rise from (something)(redirected from rose from)
rise from (something)
1. To loom out of or extend upward from some place or thing. We could see the huge tower rising from the city as we approached. There used to be a gigantic oak tree that rose from the ground in the field behind our house.
2. To emanate, radiate, or issue from some group, place, or thing. An loud groan rose from the students when the teacher announced they'd be having a pop-quiz that day. Thick plumes of dust rose from the carpet with each step we took.
3. To originate in or come into existence from something. She had the kind of strong, self-assured determination that rises from experience in this business. He has a lot of anger rising from the abuse he suffered as a kid.
4. To emerge renewed, revitalized, or reborn as something different following some state of total destruction or ruin. The company has been rising from the ashes of its former glory since being taken over by the billionaire CEO. An entirely new city rose from the destruction left behind by the war.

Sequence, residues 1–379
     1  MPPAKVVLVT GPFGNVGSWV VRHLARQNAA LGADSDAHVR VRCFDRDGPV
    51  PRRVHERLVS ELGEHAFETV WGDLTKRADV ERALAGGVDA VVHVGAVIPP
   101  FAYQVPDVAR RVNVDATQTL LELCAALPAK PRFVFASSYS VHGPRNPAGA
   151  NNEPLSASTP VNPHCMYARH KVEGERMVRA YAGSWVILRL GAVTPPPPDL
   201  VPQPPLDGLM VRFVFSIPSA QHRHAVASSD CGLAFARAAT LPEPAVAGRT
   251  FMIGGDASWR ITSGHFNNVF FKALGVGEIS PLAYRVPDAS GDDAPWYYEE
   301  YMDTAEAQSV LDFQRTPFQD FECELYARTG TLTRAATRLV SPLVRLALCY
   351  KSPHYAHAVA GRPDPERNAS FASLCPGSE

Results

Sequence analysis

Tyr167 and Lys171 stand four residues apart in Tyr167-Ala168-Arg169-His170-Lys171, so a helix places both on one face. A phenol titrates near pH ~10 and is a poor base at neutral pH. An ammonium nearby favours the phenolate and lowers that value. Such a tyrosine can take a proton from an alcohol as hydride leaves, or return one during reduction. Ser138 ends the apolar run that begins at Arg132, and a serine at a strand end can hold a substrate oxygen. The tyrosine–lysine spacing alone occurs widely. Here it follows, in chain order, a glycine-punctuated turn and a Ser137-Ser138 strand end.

See also: rise
Farlex Dictionary of Idioms. © 2015 Farlex, Inc, all rights reserved.
rise from someone or something
to emanate from someone or something in the manner of a cloud of dust or a cheer. After the singer finished, a loud cheer rose from the crowd. A cloud of smoke rose from the burning barn.
See also: rise
McGraw-Hill Dictionary of American Idioms and Phrasal Verbs. © 2002 by The McGraw-Hill Companies, Inc.